Definition of escapade
: a usually adventurous action that runs counter to approved or conventional conduct
escapade was our Word of the Day on 05/03/2014. Hear the podcast!
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Examples of escapade in a Sentence
As a teenager he embarked on a series of ill-advised escapades.
their escapades at the prep school became the stuff of boarding-school legend
Recent Examples of escapade from the Web
The backlash to Clinton’s sexual escapades and slippery character contributed to the election of the evangelical George W. Bush.
Bad Genius ultimately is more about the escapade than its consequences, showing that bad things continue to happen in this crooked world.
The season’s first two episodes are directed by Sam Taylor-Johnson (Fifty Shades of Grey), and are instantly reminiscent of the almost clinically staged film, making Jean’s escapades feel bloodless and boring.
A Thief’s End is studio Naughty Dog’s latest fortune-hunting escapade for PlayStation 4, but this time the protagonists are both women, including a character we haven’t seen since Uncharted 3: Drake’s Deception.
As the voiceover announced, the year is 1991, and camp owner Janeane Garofalo is ready to sell the camp, to the horror of the campers and counselors who harbor fond memories for their escapades at Firewood in times past.
For her outdoor escapade, Gaga wore a black maxi skirt, a black, ruffled off-the-shoulder top, and nude stilettos.
In the tradition of all great buddy escapades, amid the plot twists lies a fine bromance (well, a bit more than that, actually).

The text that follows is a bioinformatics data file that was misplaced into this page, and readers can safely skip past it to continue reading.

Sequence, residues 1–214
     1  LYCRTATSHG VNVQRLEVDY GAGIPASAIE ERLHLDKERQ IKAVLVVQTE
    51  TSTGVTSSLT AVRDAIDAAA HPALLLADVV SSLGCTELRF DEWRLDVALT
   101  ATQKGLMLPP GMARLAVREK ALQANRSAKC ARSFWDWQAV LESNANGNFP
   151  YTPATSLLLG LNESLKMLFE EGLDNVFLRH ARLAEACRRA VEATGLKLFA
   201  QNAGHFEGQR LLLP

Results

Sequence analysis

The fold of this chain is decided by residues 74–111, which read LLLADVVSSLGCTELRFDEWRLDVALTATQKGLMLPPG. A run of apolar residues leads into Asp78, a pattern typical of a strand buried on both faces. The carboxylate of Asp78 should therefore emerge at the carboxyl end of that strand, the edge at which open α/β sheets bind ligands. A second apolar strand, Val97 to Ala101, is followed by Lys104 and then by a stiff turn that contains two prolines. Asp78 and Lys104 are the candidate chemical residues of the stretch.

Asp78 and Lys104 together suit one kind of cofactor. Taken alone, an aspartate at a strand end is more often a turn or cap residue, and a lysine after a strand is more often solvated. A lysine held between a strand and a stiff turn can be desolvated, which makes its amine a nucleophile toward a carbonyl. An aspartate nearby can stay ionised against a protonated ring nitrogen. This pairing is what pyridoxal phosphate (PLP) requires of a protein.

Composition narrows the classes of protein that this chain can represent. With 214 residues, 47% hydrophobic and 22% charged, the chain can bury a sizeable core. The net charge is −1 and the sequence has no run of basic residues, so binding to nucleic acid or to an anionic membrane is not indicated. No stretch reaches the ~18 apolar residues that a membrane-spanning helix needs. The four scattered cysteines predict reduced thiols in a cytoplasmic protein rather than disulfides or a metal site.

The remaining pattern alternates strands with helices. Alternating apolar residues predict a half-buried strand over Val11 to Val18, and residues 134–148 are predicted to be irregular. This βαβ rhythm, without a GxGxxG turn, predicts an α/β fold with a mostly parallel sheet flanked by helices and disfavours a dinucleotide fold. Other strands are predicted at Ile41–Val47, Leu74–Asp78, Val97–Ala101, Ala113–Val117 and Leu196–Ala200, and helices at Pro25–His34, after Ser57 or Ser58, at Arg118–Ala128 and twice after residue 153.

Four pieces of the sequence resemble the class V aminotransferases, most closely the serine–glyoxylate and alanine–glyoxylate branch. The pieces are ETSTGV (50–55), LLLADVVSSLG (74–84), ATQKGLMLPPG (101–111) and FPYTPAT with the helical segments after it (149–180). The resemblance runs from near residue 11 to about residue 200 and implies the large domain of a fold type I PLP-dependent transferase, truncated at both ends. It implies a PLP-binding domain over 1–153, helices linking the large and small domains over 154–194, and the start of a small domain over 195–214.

The money is central to the absurd defense of Michael Flynn and the preposterous alleged double-naught escapades of the Dauphin with the Russian ambassador.
These example sentences are selected automatically from various online news sources to reflect current usage of the word 'escapade.' Views expressed in the examples do not represent the opinion of Merriam-Webster or its editors. Send us feedback.
Did You Know?
When it was first used in English, "escapade" referred to an act of escaping or fleeing from confinement or restraint. The relationship between "escape" and "escapade" does not end there. Both words derive from the Vulgar Latin verb excappare, meaning "to escape," a product of the Latin prefix ex- and the Late Latin noun cappa, meaning "head covering or cloak." While "escape" took its route through Anglo-French and Middle English, however, "escapade" made its way into English by way of the Spanish escapar ("to escape") and the French escapade.
Origin and Etymology of escapade
French, action of escaping, from Spanish escapada, from escapar to escape, from Vulgar Latin *excappare
First Known Use: 1667See Words from the same year
ESCAPADE Defined for English Language Learners
Definition of escapade for English Language Learners
: an exciting, foolish, or dangerous experience or adventure
ESCAPADE Defined for Kids
Definition of escapade for Students
: a daring or reckless adventure
Seen and Heard
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